Monthly Archives: March 2009

@Google visits Boston at Cambridge Meetup

Google Mug | Chrome color?

Google Mug | Chrome color?

I stumbled into Adam Lasnik in Harvest Coop in Central Square in Cambridge, Mass. last night on my way to Google’s first official Boston Meetup and asked him if he knew where Enormous Room might. I knew I was in the right general spot but hadn’t been there in a while. Plus, his fleece read “Google” on it.

I think asking Adam where something was may actually count as “googling” something in person.

And, true to his role as Google’s Search Evangelist, Adam was quite helpful.

I walked over and up to Enormous Room with him as his two other Google compatriots finished a snack.

Since I followed him, that may count as using a human version of Google Maps.

After a snagged a tasty “Blue Bear” at the bar, I started circulating and meeting the crowd of local entrepreneurs, webmasters, analysts, marketers, writers, IT pros and other Cambridge tech mavens. Good times.

Eventually, the Google organizer for the event, Nate Tyler, welcomed the packed room to the evening and then turned it over to Adam. He took questions submitted online using Google’s own moderator tool. (See all the archived questions here). Adam mentioned that Google itself uses the tool every Friday to collect questions internally. Great insight into corporate culture.

I tweeted the following posts during the presentation:

When the Q&A ended, the Google guys unexpected asked “Who is digiphile?” and noted I’d been busy on Twitter. They offered me a t-shirt or a mug. I went with the latter (above.

I met many new people, caught up with the local social media crowd that had traveled out west at SXSW in Austin and generally enjoyed the turnout.

Tom Lewis (@tomdog) was on-hand recording videos. He and I have been following one another on Twitter for many months but this was our first meetup “IRL” (in real life) — always satisfying to put a face to a name.

Tom recorded the following video from the event:
Bostonist @ Boston's First Official Google Meetup from Tom Lewis on Vimeo.

Note to self: As I mentioned to him earlier today, I need to remove the word “value” from my personal spoken lexicon and look into the lens more. The light on the HD video camera he brought was, unfortunately, bright enough to make that uncomfortable.

Tom blogged about the Google Meetup much more extensively at Bostonist:
Bostonist @ Google’s Boston Meetup

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Improving cyberfenses through cyberwarfare simulation ran cyberattack mapping could alter security defense strategy today,  my new article on how cyberwarfare simulations may be key to the national strategic interest. I’m quite pleased at how the piece came together.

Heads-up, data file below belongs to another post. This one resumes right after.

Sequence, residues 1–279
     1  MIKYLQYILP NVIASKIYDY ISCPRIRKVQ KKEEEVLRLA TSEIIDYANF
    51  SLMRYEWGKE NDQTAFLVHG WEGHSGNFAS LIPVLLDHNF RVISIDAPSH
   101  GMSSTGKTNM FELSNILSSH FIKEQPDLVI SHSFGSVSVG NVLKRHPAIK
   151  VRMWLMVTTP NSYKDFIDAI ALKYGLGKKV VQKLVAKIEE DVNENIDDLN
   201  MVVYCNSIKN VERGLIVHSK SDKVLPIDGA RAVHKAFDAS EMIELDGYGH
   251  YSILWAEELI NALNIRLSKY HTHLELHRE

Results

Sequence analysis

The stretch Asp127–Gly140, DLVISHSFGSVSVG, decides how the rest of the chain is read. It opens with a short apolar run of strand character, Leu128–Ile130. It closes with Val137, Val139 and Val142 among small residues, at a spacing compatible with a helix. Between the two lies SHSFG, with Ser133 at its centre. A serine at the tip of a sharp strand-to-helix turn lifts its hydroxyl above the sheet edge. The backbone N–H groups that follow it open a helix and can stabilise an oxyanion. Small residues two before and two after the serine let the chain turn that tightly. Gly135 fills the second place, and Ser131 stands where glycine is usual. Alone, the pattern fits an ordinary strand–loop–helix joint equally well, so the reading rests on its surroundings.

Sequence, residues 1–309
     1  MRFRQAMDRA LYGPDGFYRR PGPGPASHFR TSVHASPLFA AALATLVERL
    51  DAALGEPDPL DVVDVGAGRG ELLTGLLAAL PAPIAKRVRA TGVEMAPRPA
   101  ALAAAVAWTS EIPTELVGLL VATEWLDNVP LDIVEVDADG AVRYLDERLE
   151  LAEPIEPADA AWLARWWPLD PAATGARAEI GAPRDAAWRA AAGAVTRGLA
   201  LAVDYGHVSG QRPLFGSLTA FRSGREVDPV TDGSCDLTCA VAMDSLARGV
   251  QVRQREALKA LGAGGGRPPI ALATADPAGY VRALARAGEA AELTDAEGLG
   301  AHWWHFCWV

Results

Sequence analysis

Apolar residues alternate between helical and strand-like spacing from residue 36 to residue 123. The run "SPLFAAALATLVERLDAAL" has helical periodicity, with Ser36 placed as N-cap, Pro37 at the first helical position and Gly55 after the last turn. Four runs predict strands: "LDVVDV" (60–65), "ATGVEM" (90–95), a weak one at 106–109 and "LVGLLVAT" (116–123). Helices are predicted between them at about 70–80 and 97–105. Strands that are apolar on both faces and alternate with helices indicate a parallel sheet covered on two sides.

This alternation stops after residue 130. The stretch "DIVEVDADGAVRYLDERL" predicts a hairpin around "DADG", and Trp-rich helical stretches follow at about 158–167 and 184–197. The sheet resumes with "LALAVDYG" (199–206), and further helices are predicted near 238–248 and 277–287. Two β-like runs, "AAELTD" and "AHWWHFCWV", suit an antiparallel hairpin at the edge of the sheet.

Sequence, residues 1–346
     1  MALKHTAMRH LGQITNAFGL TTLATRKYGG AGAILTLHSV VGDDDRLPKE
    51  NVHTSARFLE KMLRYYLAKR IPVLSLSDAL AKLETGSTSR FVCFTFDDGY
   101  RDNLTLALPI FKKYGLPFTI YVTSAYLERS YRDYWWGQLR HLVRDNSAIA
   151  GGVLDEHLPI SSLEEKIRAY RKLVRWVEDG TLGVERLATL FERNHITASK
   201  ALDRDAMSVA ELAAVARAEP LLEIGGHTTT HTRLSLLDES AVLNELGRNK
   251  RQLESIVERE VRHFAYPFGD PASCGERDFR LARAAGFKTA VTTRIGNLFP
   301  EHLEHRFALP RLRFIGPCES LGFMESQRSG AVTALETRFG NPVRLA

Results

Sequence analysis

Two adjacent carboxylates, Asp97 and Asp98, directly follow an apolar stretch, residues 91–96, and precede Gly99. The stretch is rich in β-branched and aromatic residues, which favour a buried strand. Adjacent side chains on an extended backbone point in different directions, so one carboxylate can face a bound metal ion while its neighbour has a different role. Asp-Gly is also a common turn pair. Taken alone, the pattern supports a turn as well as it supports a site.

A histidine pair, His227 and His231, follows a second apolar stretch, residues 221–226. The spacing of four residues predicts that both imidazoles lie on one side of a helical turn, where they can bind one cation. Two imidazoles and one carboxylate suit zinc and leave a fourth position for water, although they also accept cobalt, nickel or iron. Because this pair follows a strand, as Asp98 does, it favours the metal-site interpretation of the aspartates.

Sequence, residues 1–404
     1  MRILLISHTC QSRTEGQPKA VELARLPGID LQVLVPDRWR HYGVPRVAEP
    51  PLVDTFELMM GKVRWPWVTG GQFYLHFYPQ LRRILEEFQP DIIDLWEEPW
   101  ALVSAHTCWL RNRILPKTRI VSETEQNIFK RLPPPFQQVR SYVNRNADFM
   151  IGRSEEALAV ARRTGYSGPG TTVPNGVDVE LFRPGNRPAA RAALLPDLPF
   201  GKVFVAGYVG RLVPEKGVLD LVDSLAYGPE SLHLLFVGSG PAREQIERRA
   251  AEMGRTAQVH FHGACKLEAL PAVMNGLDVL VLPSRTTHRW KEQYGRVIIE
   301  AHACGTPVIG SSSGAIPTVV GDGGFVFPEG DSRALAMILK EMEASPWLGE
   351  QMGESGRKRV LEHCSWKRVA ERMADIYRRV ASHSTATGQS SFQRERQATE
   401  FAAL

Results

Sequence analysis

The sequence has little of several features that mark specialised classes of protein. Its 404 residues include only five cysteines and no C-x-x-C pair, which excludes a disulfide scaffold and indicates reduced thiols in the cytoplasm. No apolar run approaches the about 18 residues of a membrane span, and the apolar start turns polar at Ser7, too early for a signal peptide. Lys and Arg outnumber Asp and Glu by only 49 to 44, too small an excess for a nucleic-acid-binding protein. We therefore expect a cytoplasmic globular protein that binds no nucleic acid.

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How do you measure social media ROI on Twitter? A ReTweetability Index?

A carpenters' ruler with centimetre divisions
Image via Wikipedia

I was asked a “quick question” about my Twitter use yesterday:

How many user responses do you get from your tweets?

It’s a fair question. As soon as I started thinking about how to answer it, I realized how many dimensions a proper answer should measure and compute that number.

What constitutes  a user response?

A @reply?


A FWD using a (via)?

A HT (hat tip)?

A @mention?

There’s “influencer marketing ” metrics to be considered in there too, like whether users can be driven to comment or watch something elsewhere.

If you accounted for each metric on a given tweet, what measurements for the ROI of Twitter use could you generate?

If you’re measuring click traffic, you can see the traffic for @digiphile at That includes links that have been shared on three different Twitter accounts: @digipile, @epicureanist & @ITCompliance. The reach of the first account is dramatically greater, so results vary widely.

In aggregate, my qualitative answer to the original questions has to be:

“It depends.”

There are so many other variables: when I tweet, what I tweet, whether there is a link, if it’s directed to another user or if it includes an identifying source for a link.

Dan Zarrella, a social media and marketing scientist, has been at the forefront of retweet research focused on offering other quantitative models for measuring ROI.

His newly published Retweetability Index ranks Twitterers by his own formula:

[ Retweets Per Day / In(Tweets Per Day) ] / In(Followers)

I’m ranked at 1919 today with an index in the 7000s. I think that means I get a modest amount of user response. For more information, check out what Jennifer Grove ‘s post on Zarrella’s  ReTweetability Index at Mashable.

I’ll ask “How do you measure social media ROI on Twitter?” today and see what other people think.

In the future, I hope Dan and other researchers will create and share formulas or indices that include @replies, FWD, (via),  HTs, @mentions & influencer variables.

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